- Biologics Shots or infusions made from cells extracted from living organisms, such as bacteria or mice, are given every few weeks. They work by targeting a cell or protein in your body to prevent airway inflammation. They’re most commonly prescribed for severe asthma cases and include omalizumab (Xolair), mepolizumab (Nucala), resulizumab (Cinqair), dupilumab (Dupixent), and benralizumab (Fasenra).
- Leukotriene Modifiers Taken by mouth in pill or liquid form, they block the production or the effect of leukotrienes, chemicals that can lead to asthma attacks.
- Cromolyn Sodium This inhaled nonsteroid medicine is less commonly used today. It prevents cells from releasing inflammation-causing chemicals when they come into contact with an asthma trigger.
- Methylxanthines These oral medications help relax and open the airways.
- Oral Corticosteroids Available in pill or liquid form, oral corticosteroids treat certain cases of severe asthma that don’t respond to other asthma medicines.
Money Matters: The Cost of Living With Asthma
Asthma is a chronic condition, which means you don’t take medication for a finite amount of time as you would with, say, antibiotics. Many people need long-term control medications to manage their asthma. There’s also the cost of missing work or school, as well as the cost of equipment you may need. The costs can add up. Here is an overview, along with some tips on reducing your overall expenses for asthma.
Medication Prices for Asthma
In a report from 2017, researchers tabulated the annual medical cost of living with asthma as $3,266 per person. That amount includes costs for prescriptions, office visits, hospitalizations, and emergency room care, based on cost estimates from the Centers for Disease Control and Prevention.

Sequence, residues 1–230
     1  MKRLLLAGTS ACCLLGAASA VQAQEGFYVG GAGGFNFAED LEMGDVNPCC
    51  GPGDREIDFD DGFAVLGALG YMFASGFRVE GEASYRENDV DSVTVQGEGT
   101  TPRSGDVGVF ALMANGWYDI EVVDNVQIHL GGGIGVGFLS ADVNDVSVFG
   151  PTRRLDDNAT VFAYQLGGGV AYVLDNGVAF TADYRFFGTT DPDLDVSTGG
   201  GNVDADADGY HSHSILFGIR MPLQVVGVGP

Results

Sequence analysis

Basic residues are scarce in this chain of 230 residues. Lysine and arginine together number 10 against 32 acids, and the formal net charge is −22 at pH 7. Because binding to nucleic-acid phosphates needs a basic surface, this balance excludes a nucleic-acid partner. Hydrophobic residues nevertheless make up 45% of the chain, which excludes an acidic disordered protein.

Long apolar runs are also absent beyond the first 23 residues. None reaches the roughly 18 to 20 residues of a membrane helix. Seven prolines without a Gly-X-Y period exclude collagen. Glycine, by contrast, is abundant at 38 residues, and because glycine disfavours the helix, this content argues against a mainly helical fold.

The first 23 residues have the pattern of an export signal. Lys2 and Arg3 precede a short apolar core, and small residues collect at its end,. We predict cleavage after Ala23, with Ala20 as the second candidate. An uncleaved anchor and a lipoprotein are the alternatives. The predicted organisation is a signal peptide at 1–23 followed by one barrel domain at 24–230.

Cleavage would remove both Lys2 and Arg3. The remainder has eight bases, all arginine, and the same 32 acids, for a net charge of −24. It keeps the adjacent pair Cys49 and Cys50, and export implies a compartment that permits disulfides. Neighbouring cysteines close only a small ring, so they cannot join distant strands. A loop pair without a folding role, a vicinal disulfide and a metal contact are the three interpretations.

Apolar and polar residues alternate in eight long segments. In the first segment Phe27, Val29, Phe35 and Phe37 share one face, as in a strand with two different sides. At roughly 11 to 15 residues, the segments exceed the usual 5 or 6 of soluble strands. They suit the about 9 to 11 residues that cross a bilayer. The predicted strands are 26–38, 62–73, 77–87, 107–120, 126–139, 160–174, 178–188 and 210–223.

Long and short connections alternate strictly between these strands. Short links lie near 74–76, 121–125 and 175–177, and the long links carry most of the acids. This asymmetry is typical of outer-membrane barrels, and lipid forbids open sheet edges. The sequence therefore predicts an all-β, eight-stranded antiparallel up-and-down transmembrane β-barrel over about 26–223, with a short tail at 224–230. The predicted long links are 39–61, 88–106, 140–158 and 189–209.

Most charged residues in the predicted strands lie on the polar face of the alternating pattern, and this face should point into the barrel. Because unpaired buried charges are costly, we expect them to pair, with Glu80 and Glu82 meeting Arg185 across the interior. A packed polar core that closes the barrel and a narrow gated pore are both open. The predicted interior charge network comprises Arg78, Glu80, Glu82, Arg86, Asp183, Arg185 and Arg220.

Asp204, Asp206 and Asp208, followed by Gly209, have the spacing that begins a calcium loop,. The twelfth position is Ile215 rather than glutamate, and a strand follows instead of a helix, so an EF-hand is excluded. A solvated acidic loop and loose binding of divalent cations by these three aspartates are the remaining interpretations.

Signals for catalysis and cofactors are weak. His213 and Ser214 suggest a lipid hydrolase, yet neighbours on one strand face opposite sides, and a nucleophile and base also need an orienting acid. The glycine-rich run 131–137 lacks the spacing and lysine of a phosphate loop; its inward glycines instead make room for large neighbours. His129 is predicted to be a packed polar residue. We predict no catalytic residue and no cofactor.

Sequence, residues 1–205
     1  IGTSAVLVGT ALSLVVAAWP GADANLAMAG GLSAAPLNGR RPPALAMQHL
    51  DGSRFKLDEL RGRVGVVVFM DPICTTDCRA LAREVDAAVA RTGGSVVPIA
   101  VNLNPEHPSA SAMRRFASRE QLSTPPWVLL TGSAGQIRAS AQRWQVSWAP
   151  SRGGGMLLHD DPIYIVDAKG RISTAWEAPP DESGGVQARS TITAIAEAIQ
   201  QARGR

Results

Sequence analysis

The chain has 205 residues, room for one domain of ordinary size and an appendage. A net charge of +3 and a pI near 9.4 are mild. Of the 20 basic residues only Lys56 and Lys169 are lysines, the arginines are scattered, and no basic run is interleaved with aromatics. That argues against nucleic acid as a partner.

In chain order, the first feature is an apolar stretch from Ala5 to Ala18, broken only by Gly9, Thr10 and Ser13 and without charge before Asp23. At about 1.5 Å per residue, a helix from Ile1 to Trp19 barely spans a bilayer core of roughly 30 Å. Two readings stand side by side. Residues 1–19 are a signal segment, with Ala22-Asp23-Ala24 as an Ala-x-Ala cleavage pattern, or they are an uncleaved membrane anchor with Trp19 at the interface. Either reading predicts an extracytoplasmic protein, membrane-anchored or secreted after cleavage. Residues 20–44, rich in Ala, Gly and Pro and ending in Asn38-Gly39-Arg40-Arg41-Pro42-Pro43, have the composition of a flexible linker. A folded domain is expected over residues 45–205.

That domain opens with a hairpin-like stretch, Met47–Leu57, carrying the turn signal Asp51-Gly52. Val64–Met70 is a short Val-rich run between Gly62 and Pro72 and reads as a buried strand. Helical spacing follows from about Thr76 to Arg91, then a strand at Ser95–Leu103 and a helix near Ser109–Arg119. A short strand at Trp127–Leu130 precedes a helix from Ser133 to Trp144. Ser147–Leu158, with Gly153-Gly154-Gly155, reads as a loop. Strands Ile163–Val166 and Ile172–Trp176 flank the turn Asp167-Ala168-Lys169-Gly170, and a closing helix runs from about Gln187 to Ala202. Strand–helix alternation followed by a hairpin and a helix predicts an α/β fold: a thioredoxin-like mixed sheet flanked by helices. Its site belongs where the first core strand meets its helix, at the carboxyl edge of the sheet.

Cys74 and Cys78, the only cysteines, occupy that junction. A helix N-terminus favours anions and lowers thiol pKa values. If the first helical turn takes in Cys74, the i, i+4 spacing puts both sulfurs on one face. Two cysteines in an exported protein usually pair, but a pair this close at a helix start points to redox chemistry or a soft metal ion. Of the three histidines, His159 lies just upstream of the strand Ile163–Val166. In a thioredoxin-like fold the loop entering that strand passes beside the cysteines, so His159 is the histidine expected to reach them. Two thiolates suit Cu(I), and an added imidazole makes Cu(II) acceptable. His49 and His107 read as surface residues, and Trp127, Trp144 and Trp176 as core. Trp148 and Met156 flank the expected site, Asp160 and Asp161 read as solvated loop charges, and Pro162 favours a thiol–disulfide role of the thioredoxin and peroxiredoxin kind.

If the cost of your asthma care is a concern, talk to your doctor about your options. Your doctor may be able to suggest ways to help, such as where you can apply for patient assistance programs, how to find manufacturer coupons, and more.
Managing Your Work Life With Asthma
Asthma can affect your ability to do some jobs and work in certain environments. But it shouldn’t stop you from doing your job.
According to the American Academy of Allergy, Asthma and Immunology (AAAAI), as much as 15 percent of all asthma in adults is work-related. Any number of things you’re exposed to every day at work may trigger symptoms, including cleaning products, paint, dust (including fine particles from wood or flour), mold, insects, and cigarette smoke.
If you are experiencing asthma flares at work, the AAAAI advises working with your doctor and employer to identify your triggers and take measures to avoid your exposure as soon as possible, since long-term exposure to allergens could lead to permanent lung damage.
“Let your supervisor know if you’re experiencing a problem,” says Dr. Grayson. They may be able to take measures, like asking coworkers near you not to wear strong perfumes if that’s a trigger, finding alternative chemicals or materials, ventilating your workspace, or eliminating sources of mold.
The Americans with Disabilities Act (ADA) is a federal law that gives people with disabilities the right to ask for accommodations in cases where policies, practices, or conditions leave you at a disadvantage (such as if a moldy carpet at work or school is making you or your child sick). The ADA mandates that employers must make reasonable accommodations to allow employees to work safely, though in some cases, there may be limited options, Dr. Williams explains (for example, if you work in a bakery and flour is triggering your symptoms).
Can You Apply for Disability if You Have Asthma?
Yes; in most cases you can apply for disability if you have asthma, according to the AAFA. Asthma and allergies are usually considered disabilities under the ADA.